This then required weeks of testing to confirm feasibility, detail components, and secure support. Unfortunately, as the U.S. dairy industry slump continues, each decision point and delay are extra weighty. In all of this, there has been no respite from the stress. Insurance claims are slow to resolve. Financing is complicated. All-consuming planting and harvesting seasons progress and overlap with urgency. Open questions and unknowns loom like dark clouds overhead. Numerous loose ends taunt us, wagging wildly in summer’s hot winds. We pray for wisdom and favor. And for expediency.

Our bodies and spirits sag under oppressive heat and humidity.  We pray for a reprieve. Dirt turns to dust. The corn begins to shrivel and brown. We pray for rain and more rain. We pray for livestock and crops and farmers to endure; sometimes the strain seems almost unbearable in our little corner of the world.

Global and national news stories lend some perspective. There are so many “hot spots” that it can be overwhelming. We empathize with west coasters living under the threat of wildfires burning wildly out of control. We pray for those in the path of fierce, fiery destruction of all types. We pray for fire-fighter safety. With all of this heat — both literal and figurative — it’s no wonder the refiner’s fire has been on my mind.

Take away the dross from the silver, and the smith has material for a vessel. Proverbs 25:4

This is not the first time I’ve experienced an extended period of “heat” from exceedingly difficult circumstances and concluded the master refiner was at work in my life. To me, that is a hopeful thought: I am clearly not able to control this mess! Experience tells me that I can trust him in this.

A refiner has selected raw material and uses a carefully controlled flame for precise purpose. A refiner’s fire doesn’t destroy indiscriminately like a forest fire or barn fire. It does not burn out of control, consuming everything within reach. The refiner’s fire consumes the extraneous, removing impurities. A refiner clarifies and purifies until all that remains is beautiful and pleasing.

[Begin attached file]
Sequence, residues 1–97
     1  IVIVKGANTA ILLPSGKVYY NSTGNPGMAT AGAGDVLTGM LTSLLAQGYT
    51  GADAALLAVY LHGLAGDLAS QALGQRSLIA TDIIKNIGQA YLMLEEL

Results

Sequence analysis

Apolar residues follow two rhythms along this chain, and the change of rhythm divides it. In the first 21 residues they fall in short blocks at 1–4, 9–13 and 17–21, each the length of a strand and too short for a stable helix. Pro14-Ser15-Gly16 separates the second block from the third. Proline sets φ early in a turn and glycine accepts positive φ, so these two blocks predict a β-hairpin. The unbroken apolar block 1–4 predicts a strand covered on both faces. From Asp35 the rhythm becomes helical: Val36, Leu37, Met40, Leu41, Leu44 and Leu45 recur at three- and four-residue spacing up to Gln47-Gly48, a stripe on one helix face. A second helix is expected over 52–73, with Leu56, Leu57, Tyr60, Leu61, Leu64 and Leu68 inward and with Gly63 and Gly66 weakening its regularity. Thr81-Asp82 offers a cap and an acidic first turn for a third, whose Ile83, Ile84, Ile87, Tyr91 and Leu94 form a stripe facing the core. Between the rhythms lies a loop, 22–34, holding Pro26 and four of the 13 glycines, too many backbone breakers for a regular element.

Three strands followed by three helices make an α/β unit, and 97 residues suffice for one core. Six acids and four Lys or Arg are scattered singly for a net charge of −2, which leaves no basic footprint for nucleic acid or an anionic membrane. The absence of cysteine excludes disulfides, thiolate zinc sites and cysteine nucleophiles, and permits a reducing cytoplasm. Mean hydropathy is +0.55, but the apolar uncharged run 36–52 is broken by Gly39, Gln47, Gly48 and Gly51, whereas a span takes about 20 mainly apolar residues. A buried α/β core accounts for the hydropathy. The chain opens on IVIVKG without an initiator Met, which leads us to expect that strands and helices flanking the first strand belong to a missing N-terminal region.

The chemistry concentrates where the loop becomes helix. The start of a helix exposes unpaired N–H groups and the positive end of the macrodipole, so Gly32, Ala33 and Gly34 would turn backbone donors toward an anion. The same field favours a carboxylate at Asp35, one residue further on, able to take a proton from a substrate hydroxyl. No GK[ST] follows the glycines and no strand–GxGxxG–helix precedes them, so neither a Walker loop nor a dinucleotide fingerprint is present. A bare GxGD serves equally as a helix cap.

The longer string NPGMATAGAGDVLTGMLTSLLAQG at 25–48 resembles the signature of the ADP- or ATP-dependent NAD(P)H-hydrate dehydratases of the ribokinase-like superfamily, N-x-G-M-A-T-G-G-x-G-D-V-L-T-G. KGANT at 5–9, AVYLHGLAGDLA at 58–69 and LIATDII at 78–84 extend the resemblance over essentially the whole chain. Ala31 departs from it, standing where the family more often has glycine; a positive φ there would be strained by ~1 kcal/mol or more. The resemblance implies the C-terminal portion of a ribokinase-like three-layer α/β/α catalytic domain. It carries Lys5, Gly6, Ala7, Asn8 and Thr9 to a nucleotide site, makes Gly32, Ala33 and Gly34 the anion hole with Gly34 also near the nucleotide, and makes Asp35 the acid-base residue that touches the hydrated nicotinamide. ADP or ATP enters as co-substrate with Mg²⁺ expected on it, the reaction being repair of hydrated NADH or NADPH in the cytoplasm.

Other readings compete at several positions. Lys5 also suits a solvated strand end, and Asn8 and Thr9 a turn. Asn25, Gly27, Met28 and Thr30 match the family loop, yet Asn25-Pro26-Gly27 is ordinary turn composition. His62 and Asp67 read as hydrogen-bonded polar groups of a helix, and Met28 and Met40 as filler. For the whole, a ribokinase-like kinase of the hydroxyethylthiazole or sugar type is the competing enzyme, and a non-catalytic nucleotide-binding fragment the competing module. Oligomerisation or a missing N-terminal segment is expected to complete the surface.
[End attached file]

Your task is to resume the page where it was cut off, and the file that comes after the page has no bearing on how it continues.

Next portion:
Most importantly, the refiner is always near. In the midst of turmoil, in the heat of the flame, the refiner is attentively present. He manages the process with care and confidence that the end product will be worth the effort.

And I will put this third into the fire, and refine them as one refines silver, and test them as gold is tested. They will call upon my name, and I will answer them. I will say, ‘They are my people’; and they will say, ‘The Lord is my God.’” Zechariah 13:9

As much as God wants to reveal us as his own — the refiner’s fire is nothing if not such a process — he also wants us to acknowledge and call on him. I’ve no hesitation to do so but in the midst of the heat I call more frequently. I need to know he’s near. I want to feel his presence. I long to hear him say, “I’ve got this.”

When you pass through the waters, I will be with you; and through the rivers, they shall not overwhelm you; when you walk through fire you shall not be burned, and the flame shall not consume you. Isaiah 43:2